[Viewpoint] It’s engagement timeThe United States reportedly offered some criticism about Seoul’s North Korea policy when Minister of Foreign Affairs and Trade Kim Sung-hwan and the Blue House secretary for national security strategy visited Washington.
The U.S. has made it clear to the North Koreans that they will talk to them after inter-Korean relations see a bit of forward progress.
And at the same time, the U.S. had a message for Seoul. They said South Korea’s policy over the past three years, during which it had no engagement whatsoever with the North, is undesirable. Washington wants Seoul to make some tangible efforts to improve its relations with Pyongyang.
It’s obvious that next year’s presidential election in the United States is the context for Washington’s shift in position because up until now, it has fully supported the Lee Myung-bak administration’s North Korea policy. The Obama administration must believe that any attack by the North, or any nuclear test, will be a serious problem for its campaign.
If something like that happens, the administration will have trouble focusing on the campaign, and President Barack Obama will face criticism from his opponents about his North Korea strategy. Furthermore, escalated tension on the Korean Peninsula directly clashes with the national interests of the U.S.
The United States has no territory in Northeast Asia and, to use an old chestnut, the “right amount of tension” on the Korean Peninsula is desirable for it. That allows the United States to intervene in regional affairs and keep a check on China and its rapidly developing military. That Northeast Asia strategy has become the norm in recent decades, and Obama has done nothing to change it.
When inter-Korean relations warmed up quickly during the Kim Dae-jung administration, the United States once asked Seoul to tone down a ceremony celebrating the link between the two Koreas’ railways because it was worried about “too much” peace in the air. Now it’s Washington asking Seoul to improve inter-Korean relations because it’s worried about too much tension.
Inter-Korean tensions are indeed mounting. North Korea has ignored diplomatic courtesies and revealed details of what it claimed were behind-the-scenes contacts between the two governments. It is using nasty words to attack South Korea’s president and is issuing one threat after another.
Washington is asking to Seoul to show some flexibility to prevent the situation from worsening, although it knows full well that Pyongyang is troublesome.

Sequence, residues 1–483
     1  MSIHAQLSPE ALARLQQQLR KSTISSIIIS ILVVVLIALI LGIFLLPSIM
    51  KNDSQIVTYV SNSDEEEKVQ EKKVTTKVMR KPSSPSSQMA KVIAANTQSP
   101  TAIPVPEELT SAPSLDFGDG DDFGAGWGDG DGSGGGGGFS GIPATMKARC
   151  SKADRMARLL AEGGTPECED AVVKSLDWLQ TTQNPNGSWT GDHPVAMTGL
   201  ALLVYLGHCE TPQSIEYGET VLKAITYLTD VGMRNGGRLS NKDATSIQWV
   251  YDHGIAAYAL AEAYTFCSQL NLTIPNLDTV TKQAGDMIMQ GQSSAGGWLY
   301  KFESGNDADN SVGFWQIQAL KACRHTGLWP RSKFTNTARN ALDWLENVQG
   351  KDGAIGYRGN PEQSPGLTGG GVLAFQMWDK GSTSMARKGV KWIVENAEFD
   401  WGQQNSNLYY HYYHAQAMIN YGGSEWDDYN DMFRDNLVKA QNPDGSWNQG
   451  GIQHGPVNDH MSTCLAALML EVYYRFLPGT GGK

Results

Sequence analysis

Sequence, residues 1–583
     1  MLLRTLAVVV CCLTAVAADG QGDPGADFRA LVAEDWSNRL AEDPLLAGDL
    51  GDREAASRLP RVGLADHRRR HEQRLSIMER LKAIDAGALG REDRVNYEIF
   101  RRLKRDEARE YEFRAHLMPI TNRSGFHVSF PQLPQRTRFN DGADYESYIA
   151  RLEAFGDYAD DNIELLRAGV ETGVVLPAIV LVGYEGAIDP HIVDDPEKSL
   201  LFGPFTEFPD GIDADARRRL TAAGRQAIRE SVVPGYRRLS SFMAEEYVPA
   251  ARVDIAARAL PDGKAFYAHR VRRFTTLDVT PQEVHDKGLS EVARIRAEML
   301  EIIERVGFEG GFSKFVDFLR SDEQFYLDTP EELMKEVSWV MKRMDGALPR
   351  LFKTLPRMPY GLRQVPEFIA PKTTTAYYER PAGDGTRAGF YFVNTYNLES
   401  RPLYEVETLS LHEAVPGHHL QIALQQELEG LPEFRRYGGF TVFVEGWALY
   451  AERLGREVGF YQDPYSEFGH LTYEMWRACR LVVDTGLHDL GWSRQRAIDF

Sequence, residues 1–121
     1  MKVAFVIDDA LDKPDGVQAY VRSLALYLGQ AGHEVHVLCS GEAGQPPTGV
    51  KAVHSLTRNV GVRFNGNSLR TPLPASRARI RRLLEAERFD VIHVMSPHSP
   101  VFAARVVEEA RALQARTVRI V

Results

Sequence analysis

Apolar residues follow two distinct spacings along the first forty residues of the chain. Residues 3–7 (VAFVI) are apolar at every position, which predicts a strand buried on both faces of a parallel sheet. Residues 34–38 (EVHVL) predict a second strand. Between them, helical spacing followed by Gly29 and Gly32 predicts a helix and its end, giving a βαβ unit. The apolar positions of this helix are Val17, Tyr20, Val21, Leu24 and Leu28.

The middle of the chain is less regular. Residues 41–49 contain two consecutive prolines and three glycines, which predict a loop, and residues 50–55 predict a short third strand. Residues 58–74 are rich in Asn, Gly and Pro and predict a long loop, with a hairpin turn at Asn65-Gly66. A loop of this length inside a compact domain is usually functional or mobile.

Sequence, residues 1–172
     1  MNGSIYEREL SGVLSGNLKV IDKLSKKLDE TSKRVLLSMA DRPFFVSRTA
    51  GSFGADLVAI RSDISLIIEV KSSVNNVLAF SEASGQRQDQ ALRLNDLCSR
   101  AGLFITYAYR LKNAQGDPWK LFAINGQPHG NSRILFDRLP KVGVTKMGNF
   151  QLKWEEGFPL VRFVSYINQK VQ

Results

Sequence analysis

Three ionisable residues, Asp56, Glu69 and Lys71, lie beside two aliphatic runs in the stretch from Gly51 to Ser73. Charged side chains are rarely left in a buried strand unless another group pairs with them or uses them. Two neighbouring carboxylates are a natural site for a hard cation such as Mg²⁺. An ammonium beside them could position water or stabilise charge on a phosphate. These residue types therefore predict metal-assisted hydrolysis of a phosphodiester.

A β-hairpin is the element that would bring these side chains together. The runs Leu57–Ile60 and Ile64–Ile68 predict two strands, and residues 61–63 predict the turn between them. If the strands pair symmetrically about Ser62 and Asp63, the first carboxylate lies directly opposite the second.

The ball is now in South Korea’s court. The Lee administration is divided over a strategy to separately handle the six-party nuclear disarmament talks and the two attacks by North Korea last year - the sinking of the warship Cheonan and the shelling of Yeonpyeong Island. The time to make a decision is nigh and it should be decided that Seoul handle the two issues separately.
We must use all means at our disposal to resolve the nuclear issue. Before we consider a military option, there are various carrots and sticks we can offer and wield. Demanding some kind of “sincere” or “genuine” attitude from Pyongyang before any progress can be made is the worst policy.
It was especially unreasonable to link the Cheonan’s sinking and Yeonpyeong Island shelling with the inter-Korean chief delegates’ talks, the preliminary step to six-party negotiations.
Of course, there’s one good reason to persistently demand apologies for the North’s two deadly attacks: Pyongyang probably won’t be able to treat Seoul as casually as before.
But the priority now is to resolve the nuclear crisis. It will not help our security or the U.S.-South Korea alliance to keep ignoring the reality that the North’s nuclear capabilities are growing every day.
The moment has come for us to manage inter-Korean relations within a larger framework by engaging the North and finding a diplomatic venue where it can express its position on the Cheonan and Yeonpyeong Island.
*The writer is a senior editorial writer of the JoongAng Ilbo.
By Ahn Hee-chang